WHAT IS HYSTERIA?
Hysteria is a state of mind, characterized by unmanageable fear or emotional excesses. Quite frequently, the fear is often centered on a body part, or an imagined problem with that body part. Hysteria sufferers often lose self-control due to the overwhelming fear.
Hysteria, however, can occur as the result of an overload of an emotion other than fear. It can result in uncontrollable laughter, weeping, and motor functions. Furthermore, hysteria can occur sporadically, only once, or even chronically if the hysteria is severe enough.
WAYS IN WHICH YOU MIGHT BE DISCRIMINATED AGAINST BECAUSE OF HYSTERIA
- Your employer does not allow you to miss work for medical appointments
- Your employer does not accommodate your need to take a reasonable amount of time off of work
- Your employer will not provide reasonable on-site accommodations for your disability
- Your employer does not allow you to miss work to attend psychotherapy or counseling
HOW THE LAW PROTECTS YOU IF YOU HAVE HYSTERIA
To state a cause of action for disability discrimination, an employee must be disabled, regarded as disabled, or have a record of being disabled. The employee must then show that:
- his or her disability results in physical limitations
- that he or she can still perform the essential functions of the job (with or without reasonable accommodations)
- and that the employer took some adverse action (such as not hiring, firing, or demoting the employee) on the basis of that disability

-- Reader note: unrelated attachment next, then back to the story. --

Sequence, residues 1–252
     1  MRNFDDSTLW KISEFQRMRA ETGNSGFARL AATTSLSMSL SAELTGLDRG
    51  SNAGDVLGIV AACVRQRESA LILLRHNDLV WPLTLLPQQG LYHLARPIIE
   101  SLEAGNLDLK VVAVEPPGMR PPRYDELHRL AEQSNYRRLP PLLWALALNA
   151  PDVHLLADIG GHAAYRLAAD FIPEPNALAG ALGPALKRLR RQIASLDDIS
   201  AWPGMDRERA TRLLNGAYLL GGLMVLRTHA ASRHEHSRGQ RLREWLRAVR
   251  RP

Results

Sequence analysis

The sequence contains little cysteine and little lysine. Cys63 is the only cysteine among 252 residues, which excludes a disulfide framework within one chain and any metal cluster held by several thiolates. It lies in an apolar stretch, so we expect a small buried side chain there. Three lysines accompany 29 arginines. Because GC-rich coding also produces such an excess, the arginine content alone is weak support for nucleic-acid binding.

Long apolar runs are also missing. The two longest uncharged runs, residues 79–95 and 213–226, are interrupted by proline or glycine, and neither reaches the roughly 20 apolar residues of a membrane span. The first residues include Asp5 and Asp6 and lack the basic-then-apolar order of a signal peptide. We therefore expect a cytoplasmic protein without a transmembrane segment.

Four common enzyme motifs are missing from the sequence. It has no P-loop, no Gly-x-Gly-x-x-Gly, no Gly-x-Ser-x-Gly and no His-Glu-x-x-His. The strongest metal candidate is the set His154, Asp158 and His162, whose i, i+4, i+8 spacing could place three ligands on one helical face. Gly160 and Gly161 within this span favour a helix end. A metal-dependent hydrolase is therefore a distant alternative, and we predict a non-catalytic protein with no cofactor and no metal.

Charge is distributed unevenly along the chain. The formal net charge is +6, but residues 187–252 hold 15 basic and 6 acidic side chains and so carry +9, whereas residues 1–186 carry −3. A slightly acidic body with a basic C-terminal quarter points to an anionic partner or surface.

Both the Americans with Disabilities Act and the Fair Employment and Housing Act provide protection against disability discrimination for individuals with mental disabilities. Hysteria is such a disability, deserving of protection from discrimination, as long as the individual is substantially limited in his or her ability to work. Hysteria will not be considered a disability unless it substantially hinders the individual's ability to learn or to work. If the hysteria is severe enough, then the employer may not take any adverse action against an employee because of the employee's hysteria. The employer also has an obligation to provide reasonable accommodation to an employee with hysteria so as to allow the employee to perform the essential functions of the job. The law will protect an employee whose employer does not provide these necessary accommodations. For example, if the employee is undergoing counseling for his or her hysteria, the employer must accommodate the employee's need to attend counseling, unless doing so would place an undue burden on the employer.
- For Legal Help see Finding an Attorney and David H. Greenberg, California Employment Law Attorney.